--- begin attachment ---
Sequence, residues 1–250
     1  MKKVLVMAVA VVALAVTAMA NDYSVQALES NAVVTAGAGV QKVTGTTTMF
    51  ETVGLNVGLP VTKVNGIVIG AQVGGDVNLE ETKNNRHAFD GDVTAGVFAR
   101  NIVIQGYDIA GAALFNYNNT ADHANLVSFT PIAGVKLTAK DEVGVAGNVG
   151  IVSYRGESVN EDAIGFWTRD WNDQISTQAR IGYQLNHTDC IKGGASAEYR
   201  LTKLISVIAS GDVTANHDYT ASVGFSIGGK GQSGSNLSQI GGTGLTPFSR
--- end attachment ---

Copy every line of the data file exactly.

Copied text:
Sequence, residues 1–250
     1  MKKVLVMAVA VVALAVTAMA NDYSVQALES NAVVTAGAGV QKVTGTTTMF
    51  ETVGLNVGLP VTKVNGIVIG AQVGGDVNLE ETKNNRHAFD GDVTAGVFAR
   101  NIVIQGYDIA GAALFNYNNT ADHANLVSFT PIAGVKLTAK DEVGVAGNVG
   151  IVSYRGESVN EDAIGFWTRD WNDQISTQAR IGYQLNHTDC IKGGASAEYR
   201  LTKLISVIAS GDVTANHDYT ASVGFSIGGK GQSGSNLSQI GGTGLTPFSR